September 2015 • Volume 103 • Number 9 • Page 12
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New law makes it easier for non-Illinoisans to serve subpoenas in Illinois
By minimizing the need to appear in front of Illinois courts, the Uniform Interstate Depositions and Discovery Act reduces the complexity and cost of litigating across state lines.
When a witness in a lawsuit is not one of the parties, it may become necessary to issue a subpoena to compel his or her testimony or obtain documents necessary to the case. Normally, this is a simple process - if the witness or documents are located in-state. When a witness or documents are out-of-state, however, the subpoena process may be subject to that state's laws or court rules.
On July 20, 2015, Governor Rauner signed Senate Bill 45 into law, which enacts the Uniform Interstate Depositions and Discovery Act. The Act, which has been adopted in 38 states and introduced in three others, makes it easier for a non-Illinois litigant to serve a subpoena on an Illinois resident.
Issuing subpoenas simpler, faster for non-Illinoisans
Prior to passage of the Act, out-of-state litigants seeking to subpoena a witness or entity in Illinois had to comply with Illinois Supreme Court Rule 204(b), which requires that a petition be filed with the court located in the county where the witness resides, is employed, or transacts business. For example, if a person located in Virginia sues another Virginia resident for defamation, odds are that most of the witnesses are located in Virginia. But what if the lawsuit involves a defamatory statement made by an anonymous poster on the Chicago Tribune's website?
In order to subpoena a Tribune employee for a deposition to obtain information related to the anonymous poster, the Virginia attorney would have to issue a subpoena in Virginia. The party would then need to hire local counsel in Illinois to file a petition with the Circuit Court of Cook County, obtain an order from the court, and then cause a subpoena to be issued in Illinois.
Such a process can be costly and time-consuming, says Moline attorney Robert T. Park. He notes that this issue can arise in many scenarios, but is very likely when litigation is taking place in Missouri, Wisconsin, or other neighboring states.
For example, if a treating doctor or witness to an accident lives in Illinois but the litigation is taking place in Iowa, Supreme Court Rule 204(b) would have normally controlled the process for obtaining a subpoena. Under the Act, he says, the process is streamlined - the out of state attorney can follow the Act's simpler process and obtain a subpoena in a much shorter timeframe.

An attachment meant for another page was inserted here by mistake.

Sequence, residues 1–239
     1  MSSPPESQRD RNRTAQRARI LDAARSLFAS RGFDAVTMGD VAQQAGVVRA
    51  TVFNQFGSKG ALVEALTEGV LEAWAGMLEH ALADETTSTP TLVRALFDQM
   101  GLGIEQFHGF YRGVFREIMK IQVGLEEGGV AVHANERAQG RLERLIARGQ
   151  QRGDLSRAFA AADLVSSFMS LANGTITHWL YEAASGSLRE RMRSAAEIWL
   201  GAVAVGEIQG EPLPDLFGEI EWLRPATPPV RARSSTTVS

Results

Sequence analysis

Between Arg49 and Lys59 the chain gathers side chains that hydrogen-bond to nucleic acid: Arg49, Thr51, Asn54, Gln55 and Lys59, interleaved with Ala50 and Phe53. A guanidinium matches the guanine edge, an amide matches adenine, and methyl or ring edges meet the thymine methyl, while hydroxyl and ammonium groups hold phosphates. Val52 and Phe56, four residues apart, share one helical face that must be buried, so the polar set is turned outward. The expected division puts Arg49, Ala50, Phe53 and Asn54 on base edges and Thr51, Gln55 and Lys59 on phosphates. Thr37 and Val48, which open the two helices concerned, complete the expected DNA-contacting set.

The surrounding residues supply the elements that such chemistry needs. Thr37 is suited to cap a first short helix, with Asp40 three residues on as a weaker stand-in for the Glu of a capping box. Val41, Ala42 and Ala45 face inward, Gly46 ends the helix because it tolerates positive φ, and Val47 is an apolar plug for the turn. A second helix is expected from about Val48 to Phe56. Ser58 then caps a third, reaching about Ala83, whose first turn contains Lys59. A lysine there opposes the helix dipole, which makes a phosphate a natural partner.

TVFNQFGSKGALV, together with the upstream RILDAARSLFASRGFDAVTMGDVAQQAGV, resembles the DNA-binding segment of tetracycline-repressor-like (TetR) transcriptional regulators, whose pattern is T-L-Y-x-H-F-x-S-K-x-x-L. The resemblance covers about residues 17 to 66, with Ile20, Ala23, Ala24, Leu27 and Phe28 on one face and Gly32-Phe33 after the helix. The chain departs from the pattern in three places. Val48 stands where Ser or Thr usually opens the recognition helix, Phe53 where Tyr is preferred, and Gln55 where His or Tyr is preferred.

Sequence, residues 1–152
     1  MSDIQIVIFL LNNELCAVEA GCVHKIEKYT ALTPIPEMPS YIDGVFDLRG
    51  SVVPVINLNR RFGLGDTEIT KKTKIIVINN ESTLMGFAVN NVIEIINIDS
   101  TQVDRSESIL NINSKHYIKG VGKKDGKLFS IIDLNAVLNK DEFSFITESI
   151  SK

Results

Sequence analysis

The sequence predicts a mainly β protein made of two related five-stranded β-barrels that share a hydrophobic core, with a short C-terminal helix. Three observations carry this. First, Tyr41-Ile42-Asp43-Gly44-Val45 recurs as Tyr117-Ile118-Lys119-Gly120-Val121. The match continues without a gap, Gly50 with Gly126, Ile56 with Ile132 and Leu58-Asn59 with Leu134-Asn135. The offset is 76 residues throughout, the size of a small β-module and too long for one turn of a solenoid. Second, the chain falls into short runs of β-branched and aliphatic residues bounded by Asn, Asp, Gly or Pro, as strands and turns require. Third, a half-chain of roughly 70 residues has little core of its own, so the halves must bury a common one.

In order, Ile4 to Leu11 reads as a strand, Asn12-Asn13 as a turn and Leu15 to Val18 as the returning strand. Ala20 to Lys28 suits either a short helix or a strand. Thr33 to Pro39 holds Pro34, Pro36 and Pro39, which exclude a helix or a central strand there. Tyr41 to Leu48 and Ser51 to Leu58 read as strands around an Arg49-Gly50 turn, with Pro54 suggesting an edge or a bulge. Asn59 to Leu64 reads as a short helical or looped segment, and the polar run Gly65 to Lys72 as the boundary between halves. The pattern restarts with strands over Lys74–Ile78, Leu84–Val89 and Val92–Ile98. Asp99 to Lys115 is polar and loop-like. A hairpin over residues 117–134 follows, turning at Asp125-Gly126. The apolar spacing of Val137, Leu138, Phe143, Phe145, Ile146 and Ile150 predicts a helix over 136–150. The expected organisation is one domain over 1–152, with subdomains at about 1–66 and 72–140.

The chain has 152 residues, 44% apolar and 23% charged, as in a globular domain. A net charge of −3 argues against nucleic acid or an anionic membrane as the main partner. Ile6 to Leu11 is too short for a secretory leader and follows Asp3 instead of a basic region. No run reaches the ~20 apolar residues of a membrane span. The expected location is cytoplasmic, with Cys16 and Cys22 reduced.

Still a role for local counsel
Under the Act, an out-of-state litigant seeking to subpoena an individual or entity located in Illinois must simply submit a subpoena issued in a foreign state to the clerk of court in the county in which the discovery is sought. The clerk is then required to promptly issue an Illinois subpoena for service upon the individual or entity.
While this streamlines the process, it does not change the fundamental rules of discovery across state lines. The Act still requires that the discovery be conducted in the county where the witness is located.
For example, if an automobile accident takes place in St. Louis but one of the witnesses lives in Belleville, a Missouri attorney would first need to issue a subpoena pursuant to Missouri state law. The subpoena would then be submitted to the St. Clair County Clerk of Court, who would then issue a valid Illinois subpoena. The subpoena would be served according to the Illinois Supreme Court rules.
The witness could only be deposed in St. Clair County. Any motions to enforce, modify, or quash the subpoena would be governed by Illinois state law.
The Uniform Law Commission first promulgated the Act in 2007. It states that the Act helps minimize litigation costs while also protecting out-of-state witnesses. "The Act recognizes that the discovery state has a significant interest in protecting its residents who become non-party witnesses in an action pending in a foreign jurisdiction from unreasonable or burdensome discovery requests." See http://bit.ly/1J21HUX.
Although the Act streamlines the process of conducting discovery in a foreign state, it does not necessarily remove local counsel from the equation, says Park, who is an attorney at Califf & Harper, P.C.
While local counsel would no longer be needed to file a petition and obtain a subpoena, Illinois attorneys might still be needed to conduct depositions and would be required to handle any court proceeding to enforce, modify, or quash the subpoena. "It would still make sense for out-of-state lawyers to use local counsel," Park notes.